Diversity, Distribution and Effects on Cassava Cultivars of Cassava Brown Streak Viruses in Malawi uri icon

abstract

  • Cassava brown streak disease (CBSD) has emerged as a major threat to cassava (Manihot esculenta) in eastern and southern Africa. CBSD was first reported in Malawi in the 1950s, but little data on the distribution and epidemiology of the disease are available. A diagnostic survey was therefore conducted in Malawi to determine the distribution, incidence and diversity of viruses causing the disease, and to characterize its effects on local cassava cultivars. Diagnostic tests confirmed the presence of cassava brown streak viruses (CBSVs) in 90% of leaf samples from symptomatic plants. Average CBSD foliar severity was 2.5, although this varied significantly between districts. Both Cassava brown streak virus (CBSV) and Ugandan cassava brown streak virus (UCBSV) (genus Ipomovirus, family Potyviridae) were detected from sampled plants. UCBSV was widespread, whereas CBSV was detected only in the two most northerly districts. The average abundance of the whitefly vector (Bemisia tabaci) was 0.4 per plant, a low value that was partly attributable to the fact that the survey was conducted during the cool part of the year known to be unfavourable for B.tabaci whiteflies. Spearman's correlation analyses showed a positive correlation between CBSD foliar incidence and CBSD severity and between CBSD severity and CBSD stem incidence. Of the 31 cassava varieties encountered, 20-20 was most severely affected, whilst Mtutumusi was completely unaffected. Although data from this study do not indicate a significant CBSD deterioration in Malawi, strengthened management efforts are required to reduce the current impact of the disease.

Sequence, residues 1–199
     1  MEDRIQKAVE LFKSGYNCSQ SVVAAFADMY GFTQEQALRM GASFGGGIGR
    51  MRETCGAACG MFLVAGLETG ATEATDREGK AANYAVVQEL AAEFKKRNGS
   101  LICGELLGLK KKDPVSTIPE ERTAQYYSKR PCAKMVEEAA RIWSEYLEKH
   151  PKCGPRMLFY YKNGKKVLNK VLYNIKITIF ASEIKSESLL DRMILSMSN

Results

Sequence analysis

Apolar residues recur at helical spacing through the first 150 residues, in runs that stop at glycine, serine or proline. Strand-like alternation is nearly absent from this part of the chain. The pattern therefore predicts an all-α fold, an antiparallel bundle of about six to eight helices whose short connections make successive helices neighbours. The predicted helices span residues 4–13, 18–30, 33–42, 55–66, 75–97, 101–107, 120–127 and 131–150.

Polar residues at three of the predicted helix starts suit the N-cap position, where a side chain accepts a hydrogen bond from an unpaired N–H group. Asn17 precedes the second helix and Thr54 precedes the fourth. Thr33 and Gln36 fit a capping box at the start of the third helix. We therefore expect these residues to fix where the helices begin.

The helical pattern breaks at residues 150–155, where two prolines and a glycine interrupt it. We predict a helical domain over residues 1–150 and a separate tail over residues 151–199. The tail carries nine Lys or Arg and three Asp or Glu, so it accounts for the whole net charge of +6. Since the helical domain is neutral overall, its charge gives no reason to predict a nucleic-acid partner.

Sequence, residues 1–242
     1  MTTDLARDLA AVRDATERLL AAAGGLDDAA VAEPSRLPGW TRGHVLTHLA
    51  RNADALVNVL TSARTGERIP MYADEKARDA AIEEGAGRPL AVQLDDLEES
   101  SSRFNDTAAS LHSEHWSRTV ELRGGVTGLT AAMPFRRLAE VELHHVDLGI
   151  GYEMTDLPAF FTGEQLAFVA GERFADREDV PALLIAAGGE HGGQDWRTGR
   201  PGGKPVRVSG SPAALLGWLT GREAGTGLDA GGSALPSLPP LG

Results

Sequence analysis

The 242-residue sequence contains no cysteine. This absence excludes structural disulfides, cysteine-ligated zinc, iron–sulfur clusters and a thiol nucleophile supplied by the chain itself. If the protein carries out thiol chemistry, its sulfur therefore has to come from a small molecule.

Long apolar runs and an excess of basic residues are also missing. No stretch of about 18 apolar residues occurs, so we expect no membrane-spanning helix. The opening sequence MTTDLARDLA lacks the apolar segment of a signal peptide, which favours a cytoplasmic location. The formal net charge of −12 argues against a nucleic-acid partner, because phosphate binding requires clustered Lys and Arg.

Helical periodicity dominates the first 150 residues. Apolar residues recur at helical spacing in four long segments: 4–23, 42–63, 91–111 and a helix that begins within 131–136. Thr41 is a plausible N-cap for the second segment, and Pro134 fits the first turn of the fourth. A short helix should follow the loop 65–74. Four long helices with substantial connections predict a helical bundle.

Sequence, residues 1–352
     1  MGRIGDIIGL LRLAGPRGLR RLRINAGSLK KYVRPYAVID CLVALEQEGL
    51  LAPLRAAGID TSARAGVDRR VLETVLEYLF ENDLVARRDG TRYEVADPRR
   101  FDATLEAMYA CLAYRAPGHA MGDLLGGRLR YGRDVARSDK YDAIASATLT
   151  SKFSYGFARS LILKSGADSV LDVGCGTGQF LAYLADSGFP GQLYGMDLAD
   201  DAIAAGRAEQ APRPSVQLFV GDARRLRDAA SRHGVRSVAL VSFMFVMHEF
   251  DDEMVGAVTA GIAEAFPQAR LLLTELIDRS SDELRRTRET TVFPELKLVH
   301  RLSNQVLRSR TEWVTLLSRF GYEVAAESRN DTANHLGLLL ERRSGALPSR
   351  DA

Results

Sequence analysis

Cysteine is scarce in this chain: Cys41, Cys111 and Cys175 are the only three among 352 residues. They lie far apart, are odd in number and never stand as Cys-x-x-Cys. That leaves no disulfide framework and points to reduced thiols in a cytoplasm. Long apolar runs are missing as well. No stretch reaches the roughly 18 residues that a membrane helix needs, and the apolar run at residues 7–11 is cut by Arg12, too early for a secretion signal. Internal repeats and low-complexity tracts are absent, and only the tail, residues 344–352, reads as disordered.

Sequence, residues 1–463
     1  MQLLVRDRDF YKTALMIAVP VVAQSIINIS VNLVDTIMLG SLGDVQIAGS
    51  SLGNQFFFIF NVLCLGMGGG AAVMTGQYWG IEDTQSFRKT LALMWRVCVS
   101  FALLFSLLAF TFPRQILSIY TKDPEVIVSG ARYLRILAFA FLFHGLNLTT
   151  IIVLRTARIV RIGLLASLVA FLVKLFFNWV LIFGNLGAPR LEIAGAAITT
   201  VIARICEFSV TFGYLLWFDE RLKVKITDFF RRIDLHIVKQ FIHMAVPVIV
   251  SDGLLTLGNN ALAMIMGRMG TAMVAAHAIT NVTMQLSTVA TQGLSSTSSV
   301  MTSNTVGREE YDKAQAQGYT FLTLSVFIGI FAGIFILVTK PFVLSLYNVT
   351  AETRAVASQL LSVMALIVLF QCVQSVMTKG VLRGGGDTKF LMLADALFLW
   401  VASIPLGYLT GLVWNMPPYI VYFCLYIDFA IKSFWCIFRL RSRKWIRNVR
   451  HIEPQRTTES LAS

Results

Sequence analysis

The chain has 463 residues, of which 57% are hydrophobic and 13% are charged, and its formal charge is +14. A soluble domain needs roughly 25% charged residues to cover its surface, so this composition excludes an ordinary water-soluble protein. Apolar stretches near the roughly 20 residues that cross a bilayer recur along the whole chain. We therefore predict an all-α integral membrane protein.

publication date

  • 2015
  • 2015
  • 2015